The amount of energy that can be stored in Li-ion batteries is insufficient for the long-term needs of society, for example, for use in extended-range electric vehicles. Here, the energy-storage capabilities of Li–O2 and Li–S batteries are compared with that of Li-ion, their performances are reviewed, and the challenges that need to be overcome if such batteries are to succeed are highlighted.
Li-ion batteries have transformed portable electronics and will play a key role in the electrification of transport. However, the highest energy storage possible for Li-ion batteries is insufficient for the long-term needs of society, for example, extended-range electric vehicles. To go beyond the horizon of Li-ion batteries is a formidable challenge; there are few options. Here we consider two: Li–air (O2) and Li–S. The energy that can be stored in Li–air (based on aqueous or non-aqueous electrolytes) and Li–S cells is compared with Li-ion; the operation of the cells is discussed, as are the significant hurdles that will have to be overcome if such batteries are to succeed. Fundamental scientific advances in understanding the reactions occurring in the cells as well as new materials are key to overcoming these obstacles. The potential benefits of Li–air and Li–S justify the continued research effort that will be needed.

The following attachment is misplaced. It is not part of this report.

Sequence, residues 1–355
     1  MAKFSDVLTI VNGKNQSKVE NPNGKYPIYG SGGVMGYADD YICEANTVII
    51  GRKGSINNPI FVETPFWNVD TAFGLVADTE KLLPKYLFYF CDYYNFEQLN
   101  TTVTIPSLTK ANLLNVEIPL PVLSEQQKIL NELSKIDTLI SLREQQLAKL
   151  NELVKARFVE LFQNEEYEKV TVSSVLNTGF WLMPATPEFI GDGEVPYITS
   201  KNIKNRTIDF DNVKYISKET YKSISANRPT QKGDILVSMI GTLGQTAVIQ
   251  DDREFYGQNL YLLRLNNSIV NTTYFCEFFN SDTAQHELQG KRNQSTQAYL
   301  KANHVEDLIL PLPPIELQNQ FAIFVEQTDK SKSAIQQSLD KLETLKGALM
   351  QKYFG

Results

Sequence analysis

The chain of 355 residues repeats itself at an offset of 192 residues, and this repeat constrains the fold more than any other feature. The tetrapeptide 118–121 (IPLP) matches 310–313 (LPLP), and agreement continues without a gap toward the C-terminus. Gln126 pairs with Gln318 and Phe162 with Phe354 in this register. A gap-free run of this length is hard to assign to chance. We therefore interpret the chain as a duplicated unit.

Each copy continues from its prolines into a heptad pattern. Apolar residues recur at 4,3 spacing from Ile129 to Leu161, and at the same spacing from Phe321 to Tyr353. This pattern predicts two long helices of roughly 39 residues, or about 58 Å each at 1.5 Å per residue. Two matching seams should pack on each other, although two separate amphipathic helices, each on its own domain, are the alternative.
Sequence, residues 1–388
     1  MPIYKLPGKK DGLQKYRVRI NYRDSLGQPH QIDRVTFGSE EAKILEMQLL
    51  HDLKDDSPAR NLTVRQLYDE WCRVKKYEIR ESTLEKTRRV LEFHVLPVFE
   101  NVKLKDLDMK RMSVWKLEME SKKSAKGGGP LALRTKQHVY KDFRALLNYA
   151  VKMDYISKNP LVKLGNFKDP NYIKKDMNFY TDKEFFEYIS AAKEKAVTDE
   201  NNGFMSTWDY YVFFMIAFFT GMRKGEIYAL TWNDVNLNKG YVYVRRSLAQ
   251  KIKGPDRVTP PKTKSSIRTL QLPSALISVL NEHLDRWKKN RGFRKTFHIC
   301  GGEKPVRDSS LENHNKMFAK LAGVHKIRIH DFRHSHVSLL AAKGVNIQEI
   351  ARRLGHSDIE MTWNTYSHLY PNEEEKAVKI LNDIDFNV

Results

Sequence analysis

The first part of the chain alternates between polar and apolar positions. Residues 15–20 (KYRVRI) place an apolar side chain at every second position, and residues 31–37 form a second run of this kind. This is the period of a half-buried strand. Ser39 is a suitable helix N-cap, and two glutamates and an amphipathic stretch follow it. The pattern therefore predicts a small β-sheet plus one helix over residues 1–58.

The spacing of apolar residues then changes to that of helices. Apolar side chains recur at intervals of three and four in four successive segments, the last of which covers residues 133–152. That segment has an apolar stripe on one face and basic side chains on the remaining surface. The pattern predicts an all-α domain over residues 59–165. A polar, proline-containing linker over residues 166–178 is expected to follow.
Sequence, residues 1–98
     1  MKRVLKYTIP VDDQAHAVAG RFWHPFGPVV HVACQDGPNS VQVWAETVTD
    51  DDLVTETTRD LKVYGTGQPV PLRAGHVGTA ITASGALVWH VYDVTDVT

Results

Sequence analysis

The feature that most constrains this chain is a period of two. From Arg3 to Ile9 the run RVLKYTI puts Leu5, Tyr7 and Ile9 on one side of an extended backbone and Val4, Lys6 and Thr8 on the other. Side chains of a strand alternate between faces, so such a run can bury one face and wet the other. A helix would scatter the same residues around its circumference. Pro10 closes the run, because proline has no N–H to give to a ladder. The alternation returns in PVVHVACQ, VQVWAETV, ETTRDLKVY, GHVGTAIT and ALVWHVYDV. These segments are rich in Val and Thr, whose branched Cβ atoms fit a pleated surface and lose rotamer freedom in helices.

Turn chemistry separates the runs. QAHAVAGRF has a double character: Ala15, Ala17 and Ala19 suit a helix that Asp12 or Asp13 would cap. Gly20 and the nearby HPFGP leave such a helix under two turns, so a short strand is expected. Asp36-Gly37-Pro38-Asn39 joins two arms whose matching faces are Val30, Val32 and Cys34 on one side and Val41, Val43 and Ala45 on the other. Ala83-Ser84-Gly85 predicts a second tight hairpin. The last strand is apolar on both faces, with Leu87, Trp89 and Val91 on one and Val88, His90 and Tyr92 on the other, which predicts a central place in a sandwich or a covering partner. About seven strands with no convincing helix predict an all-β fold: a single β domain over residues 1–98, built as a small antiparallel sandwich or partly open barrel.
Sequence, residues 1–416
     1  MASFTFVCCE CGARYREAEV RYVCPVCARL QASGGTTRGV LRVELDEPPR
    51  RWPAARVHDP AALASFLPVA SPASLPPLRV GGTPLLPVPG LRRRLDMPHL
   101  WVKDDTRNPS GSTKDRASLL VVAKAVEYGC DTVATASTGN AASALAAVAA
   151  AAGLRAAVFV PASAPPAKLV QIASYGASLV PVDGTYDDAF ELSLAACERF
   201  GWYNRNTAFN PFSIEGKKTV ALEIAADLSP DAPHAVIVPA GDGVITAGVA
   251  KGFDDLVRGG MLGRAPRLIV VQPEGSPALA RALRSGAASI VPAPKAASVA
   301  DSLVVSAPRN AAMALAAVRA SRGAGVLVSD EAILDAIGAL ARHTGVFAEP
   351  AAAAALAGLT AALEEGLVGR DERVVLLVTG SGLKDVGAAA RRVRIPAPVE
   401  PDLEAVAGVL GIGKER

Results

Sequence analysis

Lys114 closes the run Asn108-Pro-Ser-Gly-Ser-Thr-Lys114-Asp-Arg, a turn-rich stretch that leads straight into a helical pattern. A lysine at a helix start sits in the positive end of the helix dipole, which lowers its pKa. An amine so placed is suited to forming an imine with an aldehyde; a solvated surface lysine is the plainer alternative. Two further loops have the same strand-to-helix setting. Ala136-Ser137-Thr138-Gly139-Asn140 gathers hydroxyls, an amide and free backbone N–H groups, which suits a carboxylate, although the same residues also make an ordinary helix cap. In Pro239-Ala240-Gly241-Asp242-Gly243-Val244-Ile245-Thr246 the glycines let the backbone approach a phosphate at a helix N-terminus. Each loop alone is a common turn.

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P.G.B. is indebted to the EPRSC and Toyota Motor Europe for support. The authors wish to express their thanks to S. Visco, M. Armand and R. Demir-Cakan and the ALISTORE-ERI members for helpful discussions. P.G.B. and J.M.T. are members of ALISTORE-ERI — European Network of Excellence on Lithium Batteries.
The authors declare no competing financial interests.
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Bruce, P., Freunberger, S., Hardwick, L. et al. Li–O2 and Li–S batteries with high energy storage. Nature Mater 11, 19–29 (2012). https://doi.org/10.1038/nmat3191
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